Oat-chocolate cookies (whole grain,
no refined sweeteners, & still worth their butter

February 25, 2011 · 14 comments

I had the pleasure of leading a short discussion this week, with a group of parents at a friend’s church. The topic was sugar — I came armed-and-ready with all the notes from my sugar series, and proceeded to dump information on small a group of (perhaps unsuspecting) moms (plus one dad) for an hour. What I learned this week was that I’m a much more concise writer than talker. When I talk, rabbits get chased, shiny objects get followed, and trains-of-thought get derailed. There’s no “undo” button for my spoken word, no way to go back and not waste so much time on one thought when another one was just as deserving.

It kind of reminded me of the very situations that caused me to start blogging: by the end of the conversation, I wasn’t sure where I stood with my listeners, whether I did more damage than good to their thoughts about sweeteners. An admittedly appealing aspect of blogging is that I don’t have to witness anyone’s eyes glazing-over, or know if someone clicks away without finishing a post. I am a blissfully ignorant sharer of information.

But what I can’t do, ever, in blogging, is give everyone a cookie. Which is exactly what I did at the end of my talk — I figure if I’ve left anyone’s brain in a minutia-induced fog, the least I can do is end on a sweet note.

Of course, it helped that I wasn’t just passing around a box of Oreo’s (not that there’s anything wrong with that) — but homemade, edible example of using the kind of unrefined sweeteners I’d been talking about. I have no shame in the fact that I do use white table sugar in recipes (often, cookies) in our house. But when a recipe takes well to the molasses-y tones of an unrefined dry sweetener, I’ll reach for it every time. It was a bonus that, since this recipe calls for whole oats, they also hold their own using whole-grain flour rather than all-purpose (or a combination). Truly, these are some of the most addictive unrefined cookies I’ve ever made.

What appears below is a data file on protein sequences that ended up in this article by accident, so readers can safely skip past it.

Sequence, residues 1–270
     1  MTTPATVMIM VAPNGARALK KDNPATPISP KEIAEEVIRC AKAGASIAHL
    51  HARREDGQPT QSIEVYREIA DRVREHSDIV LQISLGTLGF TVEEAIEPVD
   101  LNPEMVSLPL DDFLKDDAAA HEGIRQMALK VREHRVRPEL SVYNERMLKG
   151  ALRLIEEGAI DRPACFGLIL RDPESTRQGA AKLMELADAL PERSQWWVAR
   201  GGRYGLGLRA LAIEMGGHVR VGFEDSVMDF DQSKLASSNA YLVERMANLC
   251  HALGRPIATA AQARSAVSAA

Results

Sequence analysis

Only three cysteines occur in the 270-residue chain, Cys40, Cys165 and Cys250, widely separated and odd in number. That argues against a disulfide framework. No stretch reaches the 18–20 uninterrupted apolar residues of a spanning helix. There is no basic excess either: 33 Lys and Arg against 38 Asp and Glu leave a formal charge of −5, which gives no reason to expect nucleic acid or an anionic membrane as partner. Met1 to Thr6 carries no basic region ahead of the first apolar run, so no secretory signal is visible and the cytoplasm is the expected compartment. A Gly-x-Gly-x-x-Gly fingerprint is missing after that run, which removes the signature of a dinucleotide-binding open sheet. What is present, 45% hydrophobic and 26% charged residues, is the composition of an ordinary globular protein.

The recipe is loosely adapted from one acquired from a bakery I worked at in Georgia. Their dessert case offered a single egg-and-dairy-free cookie — the Vegan Oatmeal-Chocolate. They were, by far, my favorite cookie to sneak at work. I think most of this is due to their saltiness — I’ve long been guilty of bumping up the salt just a touch in cookie recipes, to give (what I consider to be) a better sweet/salty balance in our favorite hand-held dessert. But they were also sturdy and somehow delicate, an oatmeal cookie that didn’t too-closely resemble a version of what I ate for breakfast.

I use my own sprouted wheat flour in these, but you can use whole-wheat pastry flour with equal success. If you don’t have sucanat (or Rapadura) you could substitute a mixture of 1/2 white sugar, 1/2 brown sugar. But I encourage you to pick up sucanat in bulk at your health food store, and experiment with it. It’s flavor is earthy and rich, and the unrefined nature is gentler on spiking blood sugar (something mine is quick to do).

Watch these carefully in their last minutes in the oven, especially if you use a dark pan — they can go from perfect to charred very quickly.


Whole-grain Oat-Chocolate Cookies
makes about 36 2″ cookies

  • 2 1/4 cups rolled oats
  • 1 1/4 cups whole wheat pastry (or sprouted) flour
  • 3/4 tsp baking soda
  • 3/8 tsp cinnamon
  • 3/4 tsp salt
  • 3/4 cup (12 Tbsp) butter, softened
  • 1 1/4 cup sucanat
  • 1 tsp vanilla extract
  • 1 large egg
  • 1 cup chocolate chips

Preheat oven to 350º, and line two cookie sheets with parchment paper. Have oven racks in two middle positions.

In a large bowl, combine the first five ingredients (oats through salt).

In a large mixing bowl (or the bowl of a standing mixer), cream together the butter and sucanat until well-combined and a bit fluffy, about 2 minutes (scrape down the bowl as necessary). Add the egg and vanilla, and mix until combined. With the mixer on low speed, slowly add the dry ingredients until fully combined. Add the chocolate chips, and mix by hand or on low-speed until well-dispersed.

Scoop tablespoon-sized balls and place 2″ apart on cookie sheets. With a greased palm, flatten each ball into a disk.

Bake for 10-15 minutes, switching the cookie sheets from front to back and top to bottom, about halfway through. Watch closely at the end — it’s hard to tell they are browning until they are almost overcooked.